Parsons, who also won the Japanese F3 National class championship this year, had never driven for Graff Racing before, but was very impressed with the French team.

“They were a really good team, very welcoming and friendly too, so I thoroughly enjoyed working with them. Max, our engineer, actually helped developed the Norma car that we drove, and he was just a genius. We made some good progress together on the setup and I think that really paid off with the pace we got out of it.”

Tokyo based Parsons has raced several LMP3 events throughout the season and is keen to do more, already confirmed for the Bathurst 12-hour race on February 3rd with M Motorsport.

“I’ve done quite a few LMP3 races now, but I think the Norma M30 chassis is my favourite so far. It’s so consistent, well-balanced and very fast, so I’d love to do more endurance races and hopefully more with the Norma too. My next event is the Bathurst 12 hours in February, which I’m really looking forward to as Mount Panorama is a circuit I know very well and really enjoy racing. I still hold the track’s Formula Ford lap record, so it will be great to do another endurance race there and it’s always nice to come home and race in my own ‘back yard’.”

On seeing the 5.554km/3.451mi, 21-turn Yas Marina F1 circuit for the first time, Parsons admitted that he felt it would also become one of his favourite tracks just from the way the layout worked, and he wasn’t disappointed.

“It was great to drive! It has a bit of everything, huge braking zones, technical areas and opportunities to pass. Definitely a fun circuit and an amazing quality facility in general too, from the track and paddock, right through to the hotel here. It’s just a great place to have a race.”

Heading into the holiday season, Parsons is looking forward to allowing himself a little down time with his family after an intense season. But with motorsport the season never truly ends, so the young Australian still be focusing on his training and preparations for what is going to be another big, exciting season in 2019.

“I’m looking forward to spending some time with my family over the holidays, but I’m still focused on preparing for the challenges ahead. I’ll kick it back a little, but I’m still keeping my foot firmly on the gas as there are lots of things to do to keep moving forward.”

On leaving Abu Dhabi, Parsons added his thanks to everyone who had made the weekend such a success. “I’d like to say a big thank you to all at Graff Racing, and of course my two teammates James and Neale. They drove really well, and we worked well together too, all having flawless, consistent stints to bring home the very best result. A great way to end a great year”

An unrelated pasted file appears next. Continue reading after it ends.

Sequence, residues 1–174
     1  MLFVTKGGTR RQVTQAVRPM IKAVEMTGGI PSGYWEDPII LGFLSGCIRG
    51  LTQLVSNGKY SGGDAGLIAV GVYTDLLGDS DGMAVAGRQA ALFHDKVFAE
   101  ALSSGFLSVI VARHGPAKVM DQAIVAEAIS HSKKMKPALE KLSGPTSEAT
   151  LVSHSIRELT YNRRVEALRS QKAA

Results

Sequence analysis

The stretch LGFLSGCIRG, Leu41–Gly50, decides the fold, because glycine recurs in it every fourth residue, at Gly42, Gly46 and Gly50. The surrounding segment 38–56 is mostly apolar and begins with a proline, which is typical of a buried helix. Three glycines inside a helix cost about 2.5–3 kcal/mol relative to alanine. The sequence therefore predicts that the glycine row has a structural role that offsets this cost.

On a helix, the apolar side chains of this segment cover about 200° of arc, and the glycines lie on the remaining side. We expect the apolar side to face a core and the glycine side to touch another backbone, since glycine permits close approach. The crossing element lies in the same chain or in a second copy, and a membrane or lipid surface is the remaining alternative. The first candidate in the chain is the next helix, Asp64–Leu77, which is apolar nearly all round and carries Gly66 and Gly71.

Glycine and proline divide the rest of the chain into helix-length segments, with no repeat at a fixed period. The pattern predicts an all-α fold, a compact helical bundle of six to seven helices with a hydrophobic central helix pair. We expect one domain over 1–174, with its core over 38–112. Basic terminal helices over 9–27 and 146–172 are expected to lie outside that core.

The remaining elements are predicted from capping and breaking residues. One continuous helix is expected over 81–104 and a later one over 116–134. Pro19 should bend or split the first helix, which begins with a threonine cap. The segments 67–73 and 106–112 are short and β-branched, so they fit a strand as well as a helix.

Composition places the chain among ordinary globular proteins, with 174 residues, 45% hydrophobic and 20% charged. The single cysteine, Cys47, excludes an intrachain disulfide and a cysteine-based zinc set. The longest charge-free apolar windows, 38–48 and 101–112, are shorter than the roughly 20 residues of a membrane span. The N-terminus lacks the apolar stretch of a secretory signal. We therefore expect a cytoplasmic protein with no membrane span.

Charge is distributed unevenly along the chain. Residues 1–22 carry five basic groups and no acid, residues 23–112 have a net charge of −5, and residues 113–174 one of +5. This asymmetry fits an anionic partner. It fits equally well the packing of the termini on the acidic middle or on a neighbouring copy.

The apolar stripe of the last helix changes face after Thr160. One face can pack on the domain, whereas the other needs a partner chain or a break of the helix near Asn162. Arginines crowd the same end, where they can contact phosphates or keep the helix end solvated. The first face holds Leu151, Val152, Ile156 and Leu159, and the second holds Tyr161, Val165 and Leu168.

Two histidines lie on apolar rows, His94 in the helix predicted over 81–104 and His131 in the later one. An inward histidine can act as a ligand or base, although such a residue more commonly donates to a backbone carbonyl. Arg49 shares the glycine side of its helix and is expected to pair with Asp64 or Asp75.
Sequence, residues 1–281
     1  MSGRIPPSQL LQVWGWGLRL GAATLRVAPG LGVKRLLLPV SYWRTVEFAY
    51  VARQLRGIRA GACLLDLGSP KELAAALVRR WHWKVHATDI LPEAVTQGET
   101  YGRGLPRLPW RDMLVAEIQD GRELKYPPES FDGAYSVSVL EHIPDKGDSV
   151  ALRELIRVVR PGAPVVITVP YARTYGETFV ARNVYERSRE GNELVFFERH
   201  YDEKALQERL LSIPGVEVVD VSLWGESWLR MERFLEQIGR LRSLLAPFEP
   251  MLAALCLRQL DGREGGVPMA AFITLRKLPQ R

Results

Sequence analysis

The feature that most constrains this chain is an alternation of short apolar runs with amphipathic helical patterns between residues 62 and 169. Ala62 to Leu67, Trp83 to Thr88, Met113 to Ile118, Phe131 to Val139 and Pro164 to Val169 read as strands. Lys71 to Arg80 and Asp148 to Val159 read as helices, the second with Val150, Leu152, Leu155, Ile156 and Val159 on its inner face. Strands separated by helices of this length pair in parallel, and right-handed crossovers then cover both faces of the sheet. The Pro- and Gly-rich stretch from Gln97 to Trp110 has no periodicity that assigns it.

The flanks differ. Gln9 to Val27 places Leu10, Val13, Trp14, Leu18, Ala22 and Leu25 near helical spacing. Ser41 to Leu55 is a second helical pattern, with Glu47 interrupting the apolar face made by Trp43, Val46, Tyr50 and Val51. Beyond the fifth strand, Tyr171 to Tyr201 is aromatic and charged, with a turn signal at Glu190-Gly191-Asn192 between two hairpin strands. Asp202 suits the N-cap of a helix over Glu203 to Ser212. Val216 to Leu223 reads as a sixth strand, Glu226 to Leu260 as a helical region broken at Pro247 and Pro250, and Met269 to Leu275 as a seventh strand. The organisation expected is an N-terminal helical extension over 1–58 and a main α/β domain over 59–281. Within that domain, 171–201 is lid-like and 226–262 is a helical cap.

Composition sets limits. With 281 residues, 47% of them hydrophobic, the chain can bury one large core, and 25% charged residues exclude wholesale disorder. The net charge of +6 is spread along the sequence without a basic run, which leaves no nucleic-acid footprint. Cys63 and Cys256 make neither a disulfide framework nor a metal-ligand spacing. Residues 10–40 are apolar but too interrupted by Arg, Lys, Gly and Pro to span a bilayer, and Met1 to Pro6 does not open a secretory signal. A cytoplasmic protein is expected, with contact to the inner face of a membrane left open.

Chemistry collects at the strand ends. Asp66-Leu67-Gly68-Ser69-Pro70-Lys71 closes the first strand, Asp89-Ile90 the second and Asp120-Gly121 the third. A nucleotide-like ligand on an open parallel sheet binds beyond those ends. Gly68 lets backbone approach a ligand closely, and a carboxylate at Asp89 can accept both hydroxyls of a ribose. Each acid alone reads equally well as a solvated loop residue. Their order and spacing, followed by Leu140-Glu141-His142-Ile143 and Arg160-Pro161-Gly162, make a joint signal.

The Liqui-Moly Bathurst 12 Hour race takes places at the Mount Panorama Circuit, Bathurst on the 3rd February.

Gulf 12 hour gallery below, click on image to view next:

Parsons joins prestigious Gulf 12 hours field

Parsons joins prestigious Gulf 12 hours field

Australian star Jake Parsons is set to round out his impressive and successful 2018 by competing in the famous Gulf 12 hours endurance race in Abu Dhabi this weekend. The 23-year-old will reunite with the experienced James Winslow to drive in the LMP3 class for Team Graff.

“I’m really looking forward to this weekend at Yas Marina. I’ve driven the Bathurst 12-hour race before and this will be my longest LMP3 event so far. I always see these long-distance races like a journey, as there’s such a lot happens between when we start and finish. I really enjoy that aspect of endurance racing. I’m actually staying at the circuit hotel and, as I’m sitting here looking out on the track, I just can’t wait to get out there now. It’s great being on site, but it’s a bit of a tease too!” explained the young Australian racer.

Alongside winning the Japanese F3 National Championship, Parsons had two impressive outings in the FRD LMP3 China Endurance series this season, driving with Winslow. The pair claimed victory in Parsons debut event, followed up by strong podium finishes, and are now looking forward to teaming up again with successful French team Graff at Abu Dhabi.

“Although I’ve not driven with Graff before, I’ve seen the team compete in many series, including European Le Mans. They’re a very strong, world renowned team, so I’m very excited to work with them for the first time. It’s obviously great to be driving with James [Winslow] again too, as we’ve built up a very solid partnership. We get on well and, as our driving style is very alike, our feedback is often very similar, which is a huge benefit. With the success that we’ve had I can feel confident we’ll be competitive and that we have the right package to have a positive weekend.”

The Yas Marina Formula 1 circuit is a new one for Parsons, who is keen to experience and learn the 5.554km/3.451mi, 21-turn Hermann Tilke designed track’s unique challenges.

“I’ve been watching onboard footage and I’m really excited to drive it after seeing the level it’s at, definitely right up there with the likes of Shanghai and Circuit of the Americas in Houston that I’ve driven before. It doesn’t change my preparation that it’s an F1 track, as knowing it’s a high-level circuit gives you a positive feeling and focus. I can tell already just from the layout that it’s going to be one of my favourite tracks.”

On the back of a season of great success and growth as a driver, Parsons is looking forward to channelling the many skill sets he’s developed into ending the year on a high and building for the new season ahead.